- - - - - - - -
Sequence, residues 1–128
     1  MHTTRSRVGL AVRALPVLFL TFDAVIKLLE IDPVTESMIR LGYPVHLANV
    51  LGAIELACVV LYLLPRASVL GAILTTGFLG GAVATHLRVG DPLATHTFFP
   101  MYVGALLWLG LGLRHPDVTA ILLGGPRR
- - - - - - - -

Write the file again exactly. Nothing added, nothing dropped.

Sequence, residues 1–128
     1  MHTTRSRVGL AVRALPVLFL TFDAVIKLLE IDPVTESMIR LGYPVHLANV
    51  LGAIELACVV LYLLPRASVL GAILTTGFLG GAVATHLRVG DPLATHTFFP
   101  MYVGALLWLG LGLRHPDVTA ILLGGPRR